We are currently on another long distance hike, and the third leg of our "triple crown", the Continental Divide Trail (the "CDT"). Come along with us if you can - if not in person then by following our grand adventure via our "posts from the trail".  Check out our Flickr Photos, which we'll update periodically, and see it through our eyes!

Our Credo...

"Success: To laugh often and much, to win the respect of intelligent people and the affection of children, to earn the appreciation of honest critics and endure the betrayal of false friends, to appreciate beauty, to find the best in others, to leave the world a bit better, whether by a healthy child, a garden patch, or a redeemed social condition; to know even one life has breathed easier because you have lived. This is to have succeeded!" ~Ralph Waldo Emerson

Triple Crown Now Complete

After picking up our car in Dubois we headed up to Glacier National Park to clean up some “unfinished business”, the last part of the trail from “Many Glacier” north to the Canadian border. We were looking forward to finishing in the trail on a high note, hiking through such incredible country.  We were also hoping to be able to do the Highline Trail; and finish at Waterton Lake.  We had heard that the Swiftcurrent Trail, which connects Many Glacier and the Highline Trail was closed due to Grizzly Bear activity.  When we stopped at the back-country office to get our permit we found out that the Swiftcurrent Trail was reopened – good news!  Unfortunately, neither of the designated campsites we would need to use were available for another 3 days, and the weather forecast was for rain (not chance of rain, but simple rain for each of the next four days (with snow quite possible in the higher elevations.)

Once again, the CDT was throwing us an unexpected curve and, as we had learned before, it’s best to roll with the punches.  So, we choose the official early/late season alternative route via the Belly River to Chief Mountain Customs Station.  The Ptarmigan Tunnel was still open, so we were able to access the Belly River via that particular climb.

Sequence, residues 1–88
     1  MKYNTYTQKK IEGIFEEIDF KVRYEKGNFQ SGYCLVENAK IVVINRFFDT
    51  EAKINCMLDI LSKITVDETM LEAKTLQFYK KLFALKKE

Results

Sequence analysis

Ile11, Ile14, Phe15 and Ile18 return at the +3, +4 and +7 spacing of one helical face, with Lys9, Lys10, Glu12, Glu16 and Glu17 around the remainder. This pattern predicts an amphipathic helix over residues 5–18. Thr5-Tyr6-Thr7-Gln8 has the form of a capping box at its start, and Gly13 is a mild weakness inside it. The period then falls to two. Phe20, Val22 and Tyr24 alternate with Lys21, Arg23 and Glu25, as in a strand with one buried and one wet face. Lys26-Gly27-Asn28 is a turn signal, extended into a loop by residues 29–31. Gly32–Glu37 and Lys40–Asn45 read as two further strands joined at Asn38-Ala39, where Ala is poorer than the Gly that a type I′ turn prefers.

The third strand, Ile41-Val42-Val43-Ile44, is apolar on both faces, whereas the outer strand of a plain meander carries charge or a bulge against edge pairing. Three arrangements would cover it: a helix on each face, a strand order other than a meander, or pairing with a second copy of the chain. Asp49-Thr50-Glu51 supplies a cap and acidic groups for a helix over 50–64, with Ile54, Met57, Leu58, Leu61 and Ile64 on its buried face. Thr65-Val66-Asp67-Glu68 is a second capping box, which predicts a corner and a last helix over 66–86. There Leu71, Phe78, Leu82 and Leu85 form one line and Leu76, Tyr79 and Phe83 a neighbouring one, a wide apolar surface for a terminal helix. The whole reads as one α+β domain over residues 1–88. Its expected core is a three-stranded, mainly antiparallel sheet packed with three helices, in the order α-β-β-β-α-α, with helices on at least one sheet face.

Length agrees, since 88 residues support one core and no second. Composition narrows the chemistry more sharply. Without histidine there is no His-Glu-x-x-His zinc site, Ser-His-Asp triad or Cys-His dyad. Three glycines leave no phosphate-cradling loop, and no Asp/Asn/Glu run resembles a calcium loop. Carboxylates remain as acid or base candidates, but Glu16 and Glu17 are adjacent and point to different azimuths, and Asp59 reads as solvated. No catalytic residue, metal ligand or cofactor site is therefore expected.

We started out Thursday morning, in a light but steady drizzle, with dramatic dark clouds surrounding the peaks that normally tower over Many Glacier.  Rain tapered off and the sun even made a few brief teasing appearances as we climbed the valley towards Ptarmigan Lake and Tunnel, a steady climb of 2,400 feet in just under 5 miles.  In the upper reaches of the climb, across the valley, we watched a large grizzly intent on feeding, tossing huge rocks aside to roll and crash down the canyon, searching for delectable treats hidden underneath.  Above the lake we saw a heard of Bighorn Sheep, ewes and lambs munching on the still green grasses, paying only slight attention to the hikers.

Once over the pass we dropped down to Elizabeth Lake, were we had to make a mile and half detour to the head end to get to our campsite.  But the extra miles paid off as we watched mountain goats frolicking in the mist of waterfalls cascading over cliffs and a large black bear foraging in the forbs.  Not a bad day of hiking – bears of both kinds, mountain goats and big horn sheep.  Were were happy to back in Glacier, finishing with such wonderful wildlife shows! It even made us forget the off and on afternoon rain and increasing cold.

As we went to bed, a steady rain began to fall.  In the middle of the night it turned to a mixture of heavy snow and rain.  Water seeped in under the tent and heavy condensation dampened everything inside.  When we started to pack up in the morning, it actually started to get colder and snow, not rain, began to fall in earnest.  By the time we left camp we had a couple of inches on the ground and enough falling that visibility was limited.  We kept a brisk pace  up, mainly to stay warm.  And now we were intent on simply getting the last 12 miles done.  By the Pelly River Ranger station the falling snow had let up, but we had about 6 inches of snow on the ground, turning the trail to a muddy, slushy mess.  It often felt more like we were skating or sliding than walking.